The fudgesicle recipe below is unreasonably delicious as-is, but it can act also as a base for you to flavour as you like! You can add toppings after removing the fudgesicles from their mold too. This involves melted raw or regular chocolate and your creative spirit! Dip or drizzle the chocolate over the frozen bar, and sprinkle away. MAGIC WANDS. This would make a very popular activity at a kid’s birthday party. Or my birthday party. Stop looking at me like that.

I’ve included some options for both flavourings and toppings to inspire you, but these are merely suggestions. I know all of you super enthusiastic foodies out there will come up with some stellar combos. Let me know in the comments if you do!

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In other very magical news, my latest Cody app video series is now online! This one is all about my favourite subject: SNACKS!!! Super-Charged Snacks to be exact. And every recipe is brand-new, incredibly delicious, and of course über healthy. If you haven’t seen the Protein-Rich Cacao Brownie video on my Facebook page yet, go have a look! You can preview all of the recipes here and purchase the plan too (it’s on sale!).

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Thank you so much for your ongoing support of My New Roots!

Big love and gratitude,
Sarah B.

Sanity-Saving One Pot Pasta

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Life is beautifully full these days. Between caring for an energetic toddler and running my own business while attempting to carve out some time to cook, have a social life, exercise, pursue creative things and do laundry? It’s full-on. And wonderful. And then there are days when I feel that I may just lose it.

We were sitting down to dinner the other night, to a very simple meal that I had thrown together in a mad dash. My husband took a few bites, looked up and said: “This is really, really good.”
“Really?” I asked in disbelief. “I actually cooked the whole thing in 10 minutes and in the same pot” (a triumph for me – I’m a bit of a tornado in the kitchen).
“This is the kind of thing you should blog, Sarah. People like simple things.”

Not that I had forgotten this fact, but I also feel the need to like, blow your minds most of the time. Or at least attempt to, ya know? This was not a blow-your-mind kind of dinner. It was made on a busy weeknight from stuff we had in the fridge and pantry, while a hangry 2-year-old clung to my bare legs since he had already pulled my pants off. If this situation sounds familiar, this dinner will be your new go-to. It’s simple, fast, easy, and most importantly, very delicious. Just because you’re going insane doesn’t mean that you’ve lost all sense of taste. In fact, saving one’s sanity often hinges on proximity to good food, as evidenced by post break-up ice cream binges, and bad-day-at-work pizza parties. I get it.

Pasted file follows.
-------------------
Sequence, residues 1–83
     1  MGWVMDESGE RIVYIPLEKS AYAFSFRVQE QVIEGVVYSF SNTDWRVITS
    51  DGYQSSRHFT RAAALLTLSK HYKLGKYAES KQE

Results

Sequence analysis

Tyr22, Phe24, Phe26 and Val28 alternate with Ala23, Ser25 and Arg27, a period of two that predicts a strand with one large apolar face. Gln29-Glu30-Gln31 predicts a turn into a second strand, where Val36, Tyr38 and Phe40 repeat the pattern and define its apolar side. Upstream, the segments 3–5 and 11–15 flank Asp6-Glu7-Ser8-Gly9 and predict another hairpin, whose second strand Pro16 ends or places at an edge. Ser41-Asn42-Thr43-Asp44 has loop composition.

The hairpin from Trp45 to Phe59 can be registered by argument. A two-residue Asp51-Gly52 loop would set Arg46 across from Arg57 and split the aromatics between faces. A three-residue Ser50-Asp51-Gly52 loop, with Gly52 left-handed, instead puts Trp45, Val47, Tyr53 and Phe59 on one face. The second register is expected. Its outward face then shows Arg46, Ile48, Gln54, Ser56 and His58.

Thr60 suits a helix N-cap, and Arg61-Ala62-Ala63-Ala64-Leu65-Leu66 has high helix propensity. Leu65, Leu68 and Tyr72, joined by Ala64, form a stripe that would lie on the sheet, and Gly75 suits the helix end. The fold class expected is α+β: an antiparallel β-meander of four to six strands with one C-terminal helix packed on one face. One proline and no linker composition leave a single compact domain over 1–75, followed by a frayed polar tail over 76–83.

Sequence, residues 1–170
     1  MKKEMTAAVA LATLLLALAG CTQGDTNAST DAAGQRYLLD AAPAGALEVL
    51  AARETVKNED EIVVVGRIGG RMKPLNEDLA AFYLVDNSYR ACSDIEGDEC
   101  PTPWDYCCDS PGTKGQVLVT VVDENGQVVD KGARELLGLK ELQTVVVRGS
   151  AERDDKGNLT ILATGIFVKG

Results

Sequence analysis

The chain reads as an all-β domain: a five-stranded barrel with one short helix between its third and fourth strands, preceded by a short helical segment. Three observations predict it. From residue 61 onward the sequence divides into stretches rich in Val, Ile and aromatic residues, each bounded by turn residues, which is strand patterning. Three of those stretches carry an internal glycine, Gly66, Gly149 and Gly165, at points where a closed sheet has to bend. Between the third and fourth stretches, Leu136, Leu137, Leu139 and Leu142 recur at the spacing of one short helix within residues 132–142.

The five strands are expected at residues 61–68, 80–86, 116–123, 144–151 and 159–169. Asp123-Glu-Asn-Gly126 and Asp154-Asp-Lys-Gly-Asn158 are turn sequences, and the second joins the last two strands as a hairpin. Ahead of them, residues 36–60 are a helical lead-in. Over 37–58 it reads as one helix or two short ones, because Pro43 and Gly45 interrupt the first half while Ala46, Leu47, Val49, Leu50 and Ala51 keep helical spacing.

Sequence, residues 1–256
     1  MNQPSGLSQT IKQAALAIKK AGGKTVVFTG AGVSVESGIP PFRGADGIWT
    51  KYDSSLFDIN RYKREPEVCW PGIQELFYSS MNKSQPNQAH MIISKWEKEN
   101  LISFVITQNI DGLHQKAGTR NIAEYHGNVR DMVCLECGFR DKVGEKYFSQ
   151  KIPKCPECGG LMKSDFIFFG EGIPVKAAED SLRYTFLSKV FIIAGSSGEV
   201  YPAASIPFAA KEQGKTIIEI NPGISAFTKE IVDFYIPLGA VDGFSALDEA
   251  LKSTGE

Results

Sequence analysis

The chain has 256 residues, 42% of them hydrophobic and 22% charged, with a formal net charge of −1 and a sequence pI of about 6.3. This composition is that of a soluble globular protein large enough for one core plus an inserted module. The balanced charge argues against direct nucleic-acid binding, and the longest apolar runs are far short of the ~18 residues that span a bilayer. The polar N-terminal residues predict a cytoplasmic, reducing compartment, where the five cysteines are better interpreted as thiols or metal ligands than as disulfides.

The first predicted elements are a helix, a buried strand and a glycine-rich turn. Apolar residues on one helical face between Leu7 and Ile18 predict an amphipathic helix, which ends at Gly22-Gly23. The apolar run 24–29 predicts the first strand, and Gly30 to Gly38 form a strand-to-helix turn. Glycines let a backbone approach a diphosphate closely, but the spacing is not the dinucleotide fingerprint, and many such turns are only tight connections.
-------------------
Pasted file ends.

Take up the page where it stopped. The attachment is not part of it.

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Legume-based pastas have been popping up in regular grocery stores all over Copenhagen lately, and I am loving them! They are made from just legumes (red lentils, green peas, adzuki beans etc.), they cook in about 6 minutes and contain unbelievably high amounts of protein and fiber, thanks to the only ingredient being, well, legumes. Although I have some “rules” in my diet which exclude most things that I couldn’t recreate in my own kitchen, these pastas are a serious life-saver when I don’t have a ton of time to make dinner, and a seriously great alternative to wheat pasta. I will compromise a little when my sanity is on the line, won’t you?

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The brilliance of this dish, besides the fact that it is so fast to make, is that it’s cooked in just one pot! Although it differs from the one-pot pastas I’ve seen online where everything is cooked together from the beginning, my version requires a little bit of timing on your part, adding the asparagus and peas about three minutes before the pasta is cooked. Theoretically, you could toss everything together in the same pot from the get-go, but this produces overcooked veggies, and no one really digs that.

You can use any legume-based pasta you like this, in any shape that appeals to you. And, you can really pick any seasonal veggies that cook in the same amount of time or slightly less than the pasta. It’s great with broccoli, sweet potato, green beans, zucchini or snap peas. I even enjoy this dish cold – so it’s the perfect make-and-take meal for a picnic dinner.

If you are not vegan, this is delicious with some grated Pecorino Romano grated in, or crumbled feta.

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Show me your pasta on Instagram: #MNRsanitypasta